If you haven’t paid off all of your credit cards each month, you’re not alone. According to the Federal Reserve Bank of New York, US household credit card debt increased by $100 billion between the second quarter of 2021 and the second quarter of 2022.
Depending on how much debt you owe, you might not feel confident about getting out of it. However, learning how to negotiate credit card debt can provide you with a way to get relief.
Why should you negotiate credit card debt?
Negotiation can help you get out of debt faster. However, you won’t always be successful, and negotiation shouldn’t be your first course of action.
Consumers often consider negotiating after their debt has been assigned to a collection agency or after the creditor has hired an agent to handle communication, says Daryl Holman Jr., founder of debt elimination startup Revival. . “There are hardship plans that may come before that point, but what’s best for borrowers is to make their payments on time if they have the capacity to do so.”
If you are unable to make payments on time but your debt has not yet been collected, negotiating with your credit card company is a much better option than ignoring the debt altogether.
“If you have an account with a large balance that is already overdue, a large amount of money in the bank, and negotiation skills, it may be a good idea to negotiate a (lump sum) credit card debt settlement,” explains Leslie Tayne. , financial lawyer and managing director of Tayne Law Group in New York.
Understanding your options when negotiating credit card debt can help you reach a manageable deal. Note that if you have had credit card debt, go to a collection agency, you can negotiate with the collection agents.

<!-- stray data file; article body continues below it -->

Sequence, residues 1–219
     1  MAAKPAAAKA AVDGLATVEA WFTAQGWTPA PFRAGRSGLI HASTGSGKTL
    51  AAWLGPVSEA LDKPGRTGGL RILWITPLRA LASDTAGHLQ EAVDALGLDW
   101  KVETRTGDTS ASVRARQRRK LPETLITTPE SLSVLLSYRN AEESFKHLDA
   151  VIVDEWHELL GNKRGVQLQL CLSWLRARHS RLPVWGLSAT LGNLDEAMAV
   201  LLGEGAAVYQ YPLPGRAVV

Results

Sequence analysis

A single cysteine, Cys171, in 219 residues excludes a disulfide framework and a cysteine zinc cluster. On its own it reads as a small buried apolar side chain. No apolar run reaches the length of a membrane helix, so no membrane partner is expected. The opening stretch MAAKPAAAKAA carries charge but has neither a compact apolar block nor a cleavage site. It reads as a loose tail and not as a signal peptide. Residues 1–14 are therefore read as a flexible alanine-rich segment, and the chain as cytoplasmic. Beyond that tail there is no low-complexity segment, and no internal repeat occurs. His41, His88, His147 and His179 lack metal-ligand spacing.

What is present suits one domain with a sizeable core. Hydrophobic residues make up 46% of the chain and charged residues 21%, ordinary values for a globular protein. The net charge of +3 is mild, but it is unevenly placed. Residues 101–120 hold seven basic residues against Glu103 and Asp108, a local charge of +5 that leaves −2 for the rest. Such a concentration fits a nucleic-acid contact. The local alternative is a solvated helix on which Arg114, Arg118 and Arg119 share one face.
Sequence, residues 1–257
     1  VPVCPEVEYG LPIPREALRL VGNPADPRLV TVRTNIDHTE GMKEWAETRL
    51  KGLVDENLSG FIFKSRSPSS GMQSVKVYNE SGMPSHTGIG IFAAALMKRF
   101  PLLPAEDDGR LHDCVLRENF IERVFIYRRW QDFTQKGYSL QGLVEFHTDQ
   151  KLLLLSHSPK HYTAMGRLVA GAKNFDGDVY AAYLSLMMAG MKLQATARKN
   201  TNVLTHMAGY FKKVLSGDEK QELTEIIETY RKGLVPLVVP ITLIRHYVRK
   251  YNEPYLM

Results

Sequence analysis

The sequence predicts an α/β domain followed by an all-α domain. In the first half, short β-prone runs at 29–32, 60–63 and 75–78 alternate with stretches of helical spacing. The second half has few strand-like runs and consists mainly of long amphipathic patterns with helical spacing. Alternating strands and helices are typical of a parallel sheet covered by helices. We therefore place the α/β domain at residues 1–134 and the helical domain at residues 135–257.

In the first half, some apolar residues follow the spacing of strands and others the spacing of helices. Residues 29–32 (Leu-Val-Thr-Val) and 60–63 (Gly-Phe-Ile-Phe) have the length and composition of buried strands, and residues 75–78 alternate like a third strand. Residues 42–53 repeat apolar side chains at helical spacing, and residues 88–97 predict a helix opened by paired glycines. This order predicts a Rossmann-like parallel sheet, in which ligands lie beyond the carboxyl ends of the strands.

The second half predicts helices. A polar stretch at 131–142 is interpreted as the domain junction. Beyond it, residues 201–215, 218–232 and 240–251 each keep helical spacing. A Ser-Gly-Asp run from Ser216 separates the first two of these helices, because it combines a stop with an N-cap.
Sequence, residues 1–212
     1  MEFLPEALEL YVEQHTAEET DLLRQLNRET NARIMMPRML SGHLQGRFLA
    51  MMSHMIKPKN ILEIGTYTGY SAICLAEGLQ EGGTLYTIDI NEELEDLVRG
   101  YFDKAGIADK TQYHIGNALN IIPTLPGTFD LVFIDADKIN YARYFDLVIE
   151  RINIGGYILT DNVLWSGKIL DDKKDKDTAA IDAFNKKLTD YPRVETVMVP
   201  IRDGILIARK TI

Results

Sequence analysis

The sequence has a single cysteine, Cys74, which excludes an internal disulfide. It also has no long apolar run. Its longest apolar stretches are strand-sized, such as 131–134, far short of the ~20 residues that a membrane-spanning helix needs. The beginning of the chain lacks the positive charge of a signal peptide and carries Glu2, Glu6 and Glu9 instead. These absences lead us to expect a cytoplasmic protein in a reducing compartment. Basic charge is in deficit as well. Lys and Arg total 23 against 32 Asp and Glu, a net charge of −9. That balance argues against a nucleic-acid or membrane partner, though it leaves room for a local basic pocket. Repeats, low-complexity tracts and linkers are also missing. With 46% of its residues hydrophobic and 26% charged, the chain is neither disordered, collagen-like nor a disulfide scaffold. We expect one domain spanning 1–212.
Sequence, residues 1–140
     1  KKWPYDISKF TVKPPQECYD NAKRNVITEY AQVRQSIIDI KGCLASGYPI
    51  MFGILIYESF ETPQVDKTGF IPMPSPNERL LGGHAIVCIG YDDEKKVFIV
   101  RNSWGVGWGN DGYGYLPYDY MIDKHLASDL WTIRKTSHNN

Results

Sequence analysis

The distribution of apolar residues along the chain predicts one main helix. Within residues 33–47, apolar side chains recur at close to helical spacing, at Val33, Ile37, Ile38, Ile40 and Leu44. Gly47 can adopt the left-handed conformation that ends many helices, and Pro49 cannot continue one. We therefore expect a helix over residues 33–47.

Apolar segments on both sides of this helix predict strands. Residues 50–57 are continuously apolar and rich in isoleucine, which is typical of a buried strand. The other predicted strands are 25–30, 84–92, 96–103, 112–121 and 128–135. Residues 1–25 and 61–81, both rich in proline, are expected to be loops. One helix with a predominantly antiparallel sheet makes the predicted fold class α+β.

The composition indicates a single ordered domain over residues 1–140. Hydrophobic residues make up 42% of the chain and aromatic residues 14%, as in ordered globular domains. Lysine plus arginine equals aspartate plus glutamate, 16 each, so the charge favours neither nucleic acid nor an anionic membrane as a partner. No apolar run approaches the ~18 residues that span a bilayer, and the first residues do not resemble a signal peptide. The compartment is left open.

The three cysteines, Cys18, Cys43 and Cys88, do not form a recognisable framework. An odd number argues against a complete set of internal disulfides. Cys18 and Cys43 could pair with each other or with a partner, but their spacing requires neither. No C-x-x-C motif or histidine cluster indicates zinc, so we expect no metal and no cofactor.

What are your options?
When negotiating with credit card companies, you can look for a lump sum settlement, a hardship agreement, or a relief agreement.
Lump sum payment
This option obliges debtors to make a bulk payment in advance for an amount less than the debt owed. Once creditors receive lump sum payments, you can expect the account to be listed as paid in full on your credit report.
“A lump sum settlement is the best route for you because you’ll usually get the best deal from your creditor,” Tayne says. “Plus, your debt will be gone.”
Keep in mind that settling your debt for less than you owe will hurt your credit score, although settling is always better than having it written off your credit report.
Hardship plans are also called forbearance and can provide temporary relief to borrowers in need. For example, your creditor could reduce your minimum payment amount or interest rate or stop late fees, according to credit bureau Experian. However, unlike a lump sum settlement, you will still have to repay your total outstanding balance. After the hardship period ends, your regular account terms will return.